SLP Advocacy – Change Needs to Happen
Categories: Increase Your Effectiveness - Tips for SLPs
Do you hear that, SLPs? It’s the crescendo of voices coming together, voices increasing in volume and voices speaking in cadence to a valuable message. These are the voices of speech-language pathologists. “We work hard. Our efforts are valuable. We have earned it. It is time. It is time for change.” Nationwide, school-based speech-language pathologists are garnering their energies to advocate for 1) changes within educational systems, 2) increased compensation for their workload, 3) boundaries and parameters on workload and 3) earned respect for the meaningful work we do. Educators, including SLPs, have marched at their state capitol in states including Oregon, South Carolina, Virginia, Oklahoma and Maryland. Los Angeles SLPs also joined the efforts of the L.A. Teachers Union Strike. This, friends, is SLP Advocacy.
Locally, we have witnessed our Austin Independent School District (AISD) SLPs, adorning a united front with bright blue shirts, collectively attend their school district board meeting to vehemently demand change. They have also reached out to their state representatives, and people are listening.
In this video of the AISD School Board Meeting, (slide the bar to 48:40-50:40 and) watch Jane, eloquently advocate for our profession. Within two minutes, she speaks to SLP retention, compensation, workload and cost of contracted services. Also, notice the sea of blue standing behind her, united in effort.
For those of us who like information in a written format, here is the SLP advocacy language transcription:
“My name is Jane Aldridge. I am an AISD speech-language pathologist, taxpayer and parent. I’m here with my colleagues to request time at a future meeting to discuss our compensation and workload. Our pay is far below national, state, and local levels for SLPs. This impedes both hiring and retaining AISD speech therapists. We lost 20% of our SLPs from last year. This year, we have not been able to fill all our open positions. We currently serve nearly 4,000 AISD students and their families. Our services are mandated through IDEA law, and we love providing quality services to families.
Our annual salary in AISD is as much as $13,000 below the neighboring school districts. We recognize that AISD participates in social security and that contract length may vary, but the salary discrepancy is not explained by those differences. Our mid-career pay is nationally in the bottom 10th percentile compared with other school-based SLPs, despite Austin’s high cost of living. In addition, over the last several years, the number of students we case manage, evaluate and treat for speech and language disorders has exploded.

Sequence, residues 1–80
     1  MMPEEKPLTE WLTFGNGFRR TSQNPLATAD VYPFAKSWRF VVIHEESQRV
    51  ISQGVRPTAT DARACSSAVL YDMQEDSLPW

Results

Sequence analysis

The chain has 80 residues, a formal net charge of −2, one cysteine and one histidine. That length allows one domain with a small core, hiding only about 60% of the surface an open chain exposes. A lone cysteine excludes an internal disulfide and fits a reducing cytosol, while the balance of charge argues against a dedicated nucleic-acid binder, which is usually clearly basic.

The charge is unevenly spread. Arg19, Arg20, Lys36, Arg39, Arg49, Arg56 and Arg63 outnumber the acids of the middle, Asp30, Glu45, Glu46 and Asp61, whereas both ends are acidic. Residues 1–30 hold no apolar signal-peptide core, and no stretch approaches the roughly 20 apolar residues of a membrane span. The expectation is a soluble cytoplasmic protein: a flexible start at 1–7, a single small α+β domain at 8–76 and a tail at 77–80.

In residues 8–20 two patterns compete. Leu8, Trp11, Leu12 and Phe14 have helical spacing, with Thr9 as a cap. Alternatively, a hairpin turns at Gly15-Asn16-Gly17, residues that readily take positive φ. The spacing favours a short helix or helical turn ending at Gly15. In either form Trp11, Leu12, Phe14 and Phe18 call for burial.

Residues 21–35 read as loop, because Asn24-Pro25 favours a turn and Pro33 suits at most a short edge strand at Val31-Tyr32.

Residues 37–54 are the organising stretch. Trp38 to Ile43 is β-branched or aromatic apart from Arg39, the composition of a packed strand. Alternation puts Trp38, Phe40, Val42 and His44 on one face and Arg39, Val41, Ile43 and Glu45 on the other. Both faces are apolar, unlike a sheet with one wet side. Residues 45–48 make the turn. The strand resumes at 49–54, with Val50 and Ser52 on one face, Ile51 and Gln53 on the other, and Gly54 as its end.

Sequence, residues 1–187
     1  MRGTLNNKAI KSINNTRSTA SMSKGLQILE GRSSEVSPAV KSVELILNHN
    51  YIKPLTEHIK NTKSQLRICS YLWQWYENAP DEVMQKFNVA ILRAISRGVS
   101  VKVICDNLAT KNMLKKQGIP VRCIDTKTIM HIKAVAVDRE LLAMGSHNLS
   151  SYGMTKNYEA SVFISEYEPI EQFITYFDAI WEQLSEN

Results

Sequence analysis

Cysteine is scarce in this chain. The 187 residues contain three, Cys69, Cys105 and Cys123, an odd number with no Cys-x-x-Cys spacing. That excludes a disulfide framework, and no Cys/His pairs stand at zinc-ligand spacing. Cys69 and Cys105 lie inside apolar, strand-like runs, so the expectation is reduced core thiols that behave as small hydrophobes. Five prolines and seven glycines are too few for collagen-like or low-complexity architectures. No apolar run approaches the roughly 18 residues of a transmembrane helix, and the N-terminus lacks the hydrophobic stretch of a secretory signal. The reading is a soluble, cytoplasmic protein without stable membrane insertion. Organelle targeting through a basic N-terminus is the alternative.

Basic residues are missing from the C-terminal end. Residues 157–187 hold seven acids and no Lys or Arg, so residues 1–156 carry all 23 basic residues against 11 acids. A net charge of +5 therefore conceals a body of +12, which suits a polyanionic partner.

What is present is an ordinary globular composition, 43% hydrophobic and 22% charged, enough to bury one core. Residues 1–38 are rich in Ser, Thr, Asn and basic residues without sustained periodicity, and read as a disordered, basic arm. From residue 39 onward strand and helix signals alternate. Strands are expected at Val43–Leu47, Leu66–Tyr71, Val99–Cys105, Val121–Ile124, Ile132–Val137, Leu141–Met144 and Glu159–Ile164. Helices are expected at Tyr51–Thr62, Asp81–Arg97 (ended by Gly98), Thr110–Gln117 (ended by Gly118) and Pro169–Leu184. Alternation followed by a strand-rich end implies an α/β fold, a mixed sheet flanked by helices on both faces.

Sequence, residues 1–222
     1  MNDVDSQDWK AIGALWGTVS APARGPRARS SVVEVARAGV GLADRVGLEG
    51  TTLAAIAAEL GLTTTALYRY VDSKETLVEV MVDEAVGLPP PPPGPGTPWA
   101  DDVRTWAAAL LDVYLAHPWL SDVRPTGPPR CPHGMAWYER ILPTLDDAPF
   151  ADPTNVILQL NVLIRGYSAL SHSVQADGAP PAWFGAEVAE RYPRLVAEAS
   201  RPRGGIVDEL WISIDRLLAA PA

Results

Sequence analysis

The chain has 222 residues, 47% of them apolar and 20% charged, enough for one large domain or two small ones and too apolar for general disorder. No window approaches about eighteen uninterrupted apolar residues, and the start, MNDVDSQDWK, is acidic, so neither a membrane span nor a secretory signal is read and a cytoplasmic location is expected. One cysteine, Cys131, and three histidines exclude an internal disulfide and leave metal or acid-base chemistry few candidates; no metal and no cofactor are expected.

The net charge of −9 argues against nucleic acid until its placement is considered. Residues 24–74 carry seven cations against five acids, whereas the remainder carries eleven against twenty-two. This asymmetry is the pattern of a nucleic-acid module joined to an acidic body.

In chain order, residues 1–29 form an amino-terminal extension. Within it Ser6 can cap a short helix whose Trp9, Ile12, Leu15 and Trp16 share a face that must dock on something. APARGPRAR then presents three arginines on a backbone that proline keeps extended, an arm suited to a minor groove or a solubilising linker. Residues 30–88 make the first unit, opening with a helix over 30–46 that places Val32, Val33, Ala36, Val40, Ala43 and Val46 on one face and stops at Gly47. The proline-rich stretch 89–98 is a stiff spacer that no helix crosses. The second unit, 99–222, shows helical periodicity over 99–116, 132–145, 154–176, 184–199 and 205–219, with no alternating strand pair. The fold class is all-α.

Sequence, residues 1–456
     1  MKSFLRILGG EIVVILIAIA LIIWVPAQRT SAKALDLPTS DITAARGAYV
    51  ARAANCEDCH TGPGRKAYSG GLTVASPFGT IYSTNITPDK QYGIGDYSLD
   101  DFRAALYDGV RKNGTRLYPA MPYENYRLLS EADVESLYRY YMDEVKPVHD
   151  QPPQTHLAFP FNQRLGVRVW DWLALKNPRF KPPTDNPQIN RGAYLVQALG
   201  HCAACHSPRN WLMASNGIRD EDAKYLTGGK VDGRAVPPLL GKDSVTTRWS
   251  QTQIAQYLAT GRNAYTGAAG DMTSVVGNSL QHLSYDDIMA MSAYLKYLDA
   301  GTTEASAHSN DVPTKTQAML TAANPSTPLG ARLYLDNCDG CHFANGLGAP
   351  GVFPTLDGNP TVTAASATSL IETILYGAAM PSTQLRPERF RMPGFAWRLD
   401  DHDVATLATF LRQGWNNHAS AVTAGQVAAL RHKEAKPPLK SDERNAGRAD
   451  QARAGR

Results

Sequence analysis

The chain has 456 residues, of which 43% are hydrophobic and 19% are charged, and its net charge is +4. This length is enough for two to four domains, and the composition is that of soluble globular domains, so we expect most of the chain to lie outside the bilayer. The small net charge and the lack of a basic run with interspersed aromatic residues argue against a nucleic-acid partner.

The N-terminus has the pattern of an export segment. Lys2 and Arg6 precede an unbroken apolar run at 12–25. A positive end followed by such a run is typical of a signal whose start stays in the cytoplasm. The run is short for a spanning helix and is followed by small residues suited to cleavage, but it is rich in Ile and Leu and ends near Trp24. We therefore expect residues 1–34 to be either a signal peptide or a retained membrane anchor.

When we are not fully staffed, the district and taxpayers must pay costly contractors to provide mandatory services. Last year, AISD paid speech therapy contract providers nearly $600,000. Given the number of this year’s unfilled positions, the district is on track to spend even more in contract fees. We did not receive the pay raise that SEES staff and physical therapists received last year. This year, we are not included in the 7% raise for instructional staff with 5+ years of experience]. We also do not receive teacher pay perks like PPfT, extra pay for national certification or a stipend for licensure or supervising student interns.
We ask you to allot us time in the next meeting so that we can explain our role in AISD and why a salary increase for SLPs is needed to insure that all eligible students receive economical, efficacious and IEP compliant services.”
Thank you to Austin ISD SLPs for letting us share this valuable content.
As SLPs, the day-to-day responsibilities can be grueling and overwhelming. Yet, we know that action needs to take place within our days. In saying that, we give much thanks to the SLPs who are paving a path for us. We acknowledge that it is no easy feat to step out and step up for the profession. Your efforts are honored. Your actions will serve as an IEP for potential SLP plans, and we cannot wait to review the data in a year to (hopefully) see meaningful change. Here’s to unveiling the truth in our profession, and here’s to the inevitable change.
For more content on ways to advocate at the campus, district and state levels, join Phuong Lien Palafox’s course, SLP, Hear Me Roar: Considerations and Advocacy in Speech-Language Pathology Phuong also discusses advocacy in her new book: The Heartbeat of Speech-Language Pathology.
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